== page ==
Town Talk: Residential sump pump inspections completed in 2017

Town Talk

Editor’s Note: The City of New Ulm presents a weekly column highlighting activities in different departments in the city government. Once a month the city will answer questions from readers. Questions on New Ulm city issues can be sent to comments@ci.new-ulm.mn.us.

The New Ulm Public Utilities (NUPU) Wastewater department finished its third and final season of residential sump pump inspections in August 2017. Of the 4,675 residential properties in New Ulm, 1,900 were inspected in 2015, 2,400 were inspected in 2016 and 996 this past summer. 23 percent or 1,068 houses were found to have sump pumps with 8 percent or 84 of the homes inspected were found to have sump pumps discharging illegally to the city sanitary sewer.

I thought the NUPU did a great job with public relations, education and informing the citizens of our sump pump inspection program. The residential inspections took three years to complete so we assume homeowners were proactive and corrected their sump pumps before the inspections staff made it to your neighborhood. Although we revised our inspection forms numerous times we didn’t think to ask the homeowners if they had corrected their sump pump discharge before we arrived. With that said, the 8 percent failure rate is on the low end.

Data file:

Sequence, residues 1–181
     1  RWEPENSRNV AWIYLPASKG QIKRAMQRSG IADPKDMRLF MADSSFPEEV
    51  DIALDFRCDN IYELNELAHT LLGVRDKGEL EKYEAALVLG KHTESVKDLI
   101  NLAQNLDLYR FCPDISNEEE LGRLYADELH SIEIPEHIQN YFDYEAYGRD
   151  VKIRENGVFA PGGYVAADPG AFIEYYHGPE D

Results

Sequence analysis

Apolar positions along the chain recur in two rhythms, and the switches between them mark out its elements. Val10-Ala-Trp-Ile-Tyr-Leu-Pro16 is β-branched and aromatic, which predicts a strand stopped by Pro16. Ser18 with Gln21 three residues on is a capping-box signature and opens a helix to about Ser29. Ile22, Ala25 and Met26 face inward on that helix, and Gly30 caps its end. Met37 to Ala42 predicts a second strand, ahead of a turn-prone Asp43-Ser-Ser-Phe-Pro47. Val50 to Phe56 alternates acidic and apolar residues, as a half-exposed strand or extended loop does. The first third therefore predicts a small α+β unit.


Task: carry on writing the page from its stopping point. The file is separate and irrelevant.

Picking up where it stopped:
Although hard to quantify what impact we had on inflow at the wastewater plant, using conservative numbers: If the 84 illegal sump pumps ran 60 minutes a day and pumped 10 gallons per minute we removed over 50,000 gallons inflow a day or about 10 million gallons over the six wet weather months of concern. This has an approximate cost savings to the NUPU rate payers of $50,000 annually.

The NUPU targeted sump pumps as we continue our efforts to minimize inflow and infiltration (I&I) problems in New Ulm. It was suspected that many homes have sump pumps that discharge into the sanitary sewer system, which is an illegal connection. Illegal connections to the sanitary sewer can lead to sewage backups. It takes only eight sump pumps operating at full capacity to overload an 8-inch sewer main and cause backups which increase health risks.

When sump pumps are connected to the sanitary sewer, clear water is unnecessarily pumped to the Wastewater Treatment Plant increasing pumping costs. Excess flows to the Wastewater Plant can cause the system to reach maximum treatment capacity, resulting in increased chemical treatment costs, or pollutants to pass through the plant without adequate treatment.

The NUPU staff will continue to work on inflow issues and plan to inspect downtown area in the near future and continue to work the city engineering to prioritize sanitary sewer repairs and infrastructure replacement to further eliminate Infiltration.

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